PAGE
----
Sonny Curtis, Holly's boyhood friend who played guitar on the very first Decca recordings in 1956; a music legend he went on to write rock classics 'I Fought The Law' and the Everly Brothers smash, 'Walk Right Back'
Tommy Allsup, the guitarist whose virtuosity persuaded Holly that he should play lead on "It's So Easy," "Heartbeat" and other key recordings. It was Allsup who gave up his seat to Ritchie Valens on the aircraft which took Holly, Valens and the Big Bopper to their tragic deaths on February 2, 1959. A musician's musician, Tommy has played on 10,000 sessions.
Jack Neal, a songwriter who not only taught Buddy to play guitar, but who was also the first person to perform with him live on radio and television in his hometown of Lubbock, Texas, in 1953.
Carl Bunch, drummer on the ill-fated final tour on which Buddy would die in a plane crash. He talks about the horror of what is often described as 'the worst planned rock & roll tour of all time'. He was hospitalised with frostbite and missed Buddy's final two appearances.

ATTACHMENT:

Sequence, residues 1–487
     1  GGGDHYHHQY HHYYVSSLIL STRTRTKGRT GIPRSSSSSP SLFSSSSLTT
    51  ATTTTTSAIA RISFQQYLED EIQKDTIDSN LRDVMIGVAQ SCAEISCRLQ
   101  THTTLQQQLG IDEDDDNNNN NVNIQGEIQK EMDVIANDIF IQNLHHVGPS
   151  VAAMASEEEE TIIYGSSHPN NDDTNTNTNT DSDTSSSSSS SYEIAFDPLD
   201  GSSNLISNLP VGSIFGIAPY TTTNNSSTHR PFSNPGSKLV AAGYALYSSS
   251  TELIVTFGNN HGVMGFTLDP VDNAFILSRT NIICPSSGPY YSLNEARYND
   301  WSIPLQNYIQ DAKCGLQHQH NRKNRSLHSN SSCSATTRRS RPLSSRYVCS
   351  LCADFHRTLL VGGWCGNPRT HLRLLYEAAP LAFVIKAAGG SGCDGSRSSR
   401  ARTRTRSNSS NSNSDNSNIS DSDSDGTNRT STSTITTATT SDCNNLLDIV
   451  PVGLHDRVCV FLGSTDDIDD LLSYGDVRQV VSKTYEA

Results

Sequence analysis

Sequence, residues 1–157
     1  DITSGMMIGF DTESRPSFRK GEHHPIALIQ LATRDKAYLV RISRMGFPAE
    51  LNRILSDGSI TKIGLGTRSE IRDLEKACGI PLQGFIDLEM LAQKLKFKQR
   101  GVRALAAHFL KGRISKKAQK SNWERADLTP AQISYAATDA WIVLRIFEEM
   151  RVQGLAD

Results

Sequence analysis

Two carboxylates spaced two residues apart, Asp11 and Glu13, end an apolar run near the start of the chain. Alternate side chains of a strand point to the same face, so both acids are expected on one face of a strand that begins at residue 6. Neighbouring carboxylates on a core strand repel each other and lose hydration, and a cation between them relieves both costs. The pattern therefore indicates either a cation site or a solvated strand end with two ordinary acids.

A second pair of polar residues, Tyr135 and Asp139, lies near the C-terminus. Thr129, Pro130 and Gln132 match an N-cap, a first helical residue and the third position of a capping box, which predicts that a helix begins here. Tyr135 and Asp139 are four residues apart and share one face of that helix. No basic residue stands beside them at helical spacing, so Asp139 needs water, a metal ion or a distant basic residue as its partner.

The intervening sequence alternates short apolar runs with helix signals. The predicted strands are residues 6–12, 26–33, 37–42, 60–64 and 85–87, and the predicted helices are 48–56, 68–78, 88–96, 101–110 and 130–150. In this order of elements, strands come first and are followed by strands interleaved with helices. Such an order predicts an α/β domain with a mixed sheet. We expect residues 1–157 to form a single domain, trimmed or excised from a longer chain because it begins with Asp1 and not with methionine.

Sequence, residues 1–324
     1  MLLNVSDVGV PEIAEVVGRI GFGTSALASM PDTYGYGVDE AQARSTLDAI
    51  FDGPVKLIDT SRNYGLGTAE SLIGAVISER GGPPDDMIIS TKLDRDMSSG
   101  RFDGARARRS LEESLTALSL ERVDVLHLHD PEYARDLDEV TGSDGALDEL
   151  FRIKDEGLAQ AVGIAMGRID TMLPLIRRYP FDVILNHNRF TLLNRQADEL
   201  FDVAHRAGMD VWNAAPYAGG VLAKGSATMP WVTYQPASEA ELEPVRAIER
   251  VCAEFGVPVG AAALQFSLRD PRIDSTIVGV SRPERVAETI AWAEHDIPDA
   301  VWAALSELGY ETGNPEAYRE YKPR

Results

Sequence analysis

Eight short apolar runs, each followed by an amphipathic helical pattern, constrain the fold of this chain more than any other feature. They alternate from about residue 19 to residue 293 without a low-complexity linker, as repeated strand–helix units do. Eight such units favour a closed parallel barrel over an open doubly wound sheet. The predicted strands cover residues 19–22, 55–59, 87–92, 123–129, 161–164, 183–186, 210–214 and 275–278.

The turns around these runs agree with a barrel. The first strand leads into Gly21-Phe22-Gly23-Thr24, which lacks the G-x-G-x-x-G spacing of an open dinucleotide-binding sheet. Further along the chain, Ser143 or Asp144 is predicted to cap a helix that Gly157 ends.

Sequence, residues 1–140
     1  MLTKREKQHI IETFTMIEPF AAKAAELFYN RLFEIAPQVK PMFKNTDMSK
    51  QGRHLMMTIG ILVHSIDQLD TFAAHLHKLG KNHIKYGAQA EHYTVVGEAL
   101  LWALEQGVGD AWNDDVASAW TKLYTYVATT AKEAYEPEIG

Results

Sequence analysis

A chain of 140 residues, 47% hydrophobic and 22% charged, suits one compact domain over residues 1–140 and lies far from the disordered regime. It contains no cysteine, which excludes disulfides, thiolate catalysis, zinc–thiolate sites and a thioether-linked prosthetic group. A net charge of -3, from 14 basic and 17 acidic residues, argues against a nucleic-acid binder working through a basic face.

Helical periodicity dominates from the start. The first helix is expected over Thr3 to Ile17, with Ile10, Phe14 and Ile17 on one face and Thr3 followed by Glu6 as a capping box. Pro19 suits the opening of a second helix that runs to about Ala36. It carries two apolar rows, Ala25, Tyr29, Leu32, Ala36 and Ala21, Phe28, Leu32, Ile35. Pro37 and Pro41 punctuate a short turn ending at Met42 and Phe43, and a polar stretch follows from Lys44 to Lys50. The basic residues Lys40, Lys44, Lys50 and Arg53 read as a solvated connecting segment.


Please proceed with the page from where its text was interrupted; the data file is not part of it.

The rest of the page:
Sonny West, a Texas rockabilly singer and songwriter who wrote two of Buddy's, two of rock & roll's, greatest songs, 'Oh Boy!' and 'Rave On'. In the programme he also plays his own versions of them live and talks about how they were written.
Peggy Sue Gerron, (the real Peggy Sue) talks about life at Lubbock High School and her group of friends who included Buddy and The Crickets. She witnessed their rise to fame and shared their excitement.
Buddy used three sets of backing singers on his Clovis sessions during his career. They are all represented in the programme. Gary & Ramona Tollett, John Pickering of The Picks and Ray Rush of The Roses. Buddy's death spelled a premature end to a record label, called Prism, which he was setting up with Ray Rush. Rush discusses what he feels the future would have held for Holly, had it not been for the fatal plane crash.